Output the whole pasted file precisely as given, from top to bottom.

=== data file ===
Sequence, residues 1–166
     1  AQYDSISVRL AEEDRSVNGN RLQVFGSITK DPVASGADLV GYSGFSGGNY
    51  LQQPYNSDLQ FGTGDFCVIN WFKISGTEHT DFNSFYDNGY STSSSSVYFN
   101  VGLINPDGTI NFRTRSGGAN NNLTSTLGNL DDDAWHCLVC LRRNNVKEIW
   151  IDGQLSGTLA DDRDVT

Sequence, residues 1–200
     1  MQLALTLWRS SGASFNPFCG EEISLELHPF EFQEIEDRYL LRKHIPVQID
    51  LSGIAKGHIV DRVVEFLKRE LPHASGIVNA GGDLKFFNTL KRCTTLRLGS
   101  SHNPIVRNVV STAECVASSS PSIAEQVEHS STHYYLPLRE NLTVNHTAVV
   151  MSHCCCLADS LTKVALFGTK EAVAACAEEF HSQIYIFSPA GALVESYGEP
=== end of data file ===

Sequence, residues 1–166
     1  AQYDSISVRL AEEDRSVNGN RLQVFGSITK DPVASGADLV GYSGFSGGNY
    51  LQQPYNSDLQ FGTGDFCVIN WFKISGTEHT DFNSFYDNGY STSSSSVYFN
   101  VGLINPDGTI NFRTRSGGAN NNLTSTLGNL DDDAWHCLVC LRRNNVKEIW
   151  IDGQLSGTLA DDRDVT

Sequence, residues 1–200
     1  MQLALTLWRS SGASFNPFCG EEISLELHPF EFQEIEDRYL LRKHIPVQID
    51  LSGIAKGHIV DRVVEFLKRE LPHASGIVNA GGDLKFFNTL KRCTTLRLGS
   101  SHNPIVRNVV STAECVASSS PSIAEQVEHS STHYYLPLRE NLTVNHTAVV
   151  MSHCCCLADS LTKVALFGTK EAVAACAEEF HSQIYIFSPA GALVESYGEP